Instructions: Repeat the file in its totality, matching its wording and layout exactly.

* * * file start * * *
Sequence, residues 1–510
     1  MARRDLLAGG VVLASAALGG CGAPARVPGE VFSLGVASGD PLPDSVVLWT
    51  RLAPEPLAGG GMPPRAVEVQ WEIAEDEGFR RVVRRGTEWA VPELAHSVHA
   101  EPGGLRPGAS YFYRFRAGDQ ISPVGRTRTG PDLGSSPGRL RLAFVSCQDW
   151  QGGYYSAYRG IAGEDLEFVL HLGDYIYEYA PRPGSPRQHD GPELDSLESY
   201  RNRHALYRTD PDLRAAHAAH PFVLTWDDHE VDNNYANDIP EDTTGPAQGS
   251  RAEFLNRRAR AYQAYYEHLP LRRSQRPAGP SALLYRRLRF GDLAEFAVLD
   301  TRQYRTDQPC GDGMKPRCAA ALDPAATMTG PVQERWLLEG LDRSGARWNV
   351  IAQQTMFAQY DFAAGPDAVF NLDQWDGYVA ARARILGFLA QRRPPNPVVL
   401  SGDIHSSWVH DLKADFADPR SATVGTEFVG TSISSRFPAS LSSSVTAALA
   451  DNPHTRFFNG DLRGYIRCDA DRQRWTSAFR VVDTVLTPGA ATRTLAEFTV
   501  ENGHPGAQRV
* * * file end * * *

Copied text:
Sequence, residues 1–510
     1  MARRDLLAGG VVLASAALGG CGAPARVPGE VFSLGVASGD PLPDSVVLWT
    51  RLAPEPLAGG GMPPRAVEVQ WEIAEDEGFR RVVRRGTEWA VPELAHSVHA
   101  EPGGLRPGAS YFYRFRAGDQ ISPVGRTRTG PDLGSSPGRL RLAFVSCQDW
   151  QGGYYSAYRG IAGEDLEFVL HLGDYIYEYA PRPGSPRQHD GPELDSLESY
   201  RNRHALYRTD PDLRAAHAAH PFVLTWDDHE VDNNYANDIP EDTTGPAQGS
   251  RAEFLNRRAR AYQAYYEHLP LRRSQRPAGP SALLYRRLRF GDLAEFAVLD
   301  TRQYRTDQPC GDGMKPRCAA ALDPAATMTG PVQERWLLEG LDRSGARWNV
   351  IAQQTMFAQY DFAAGPDAVF NLDQWDGYVA ARARILGFLA QRRPPNPVVL
   401  SGDIHSSWVH DLKADFADPR SATVGTEFVG TSISSRFPAS LSSSVTAALA
   451  DNPHTRFFNG DLRGYIRCDA DRQRWTSAFR VVDTVLTPGA ATRTLAEFTV
   501  ENGHPGAQRV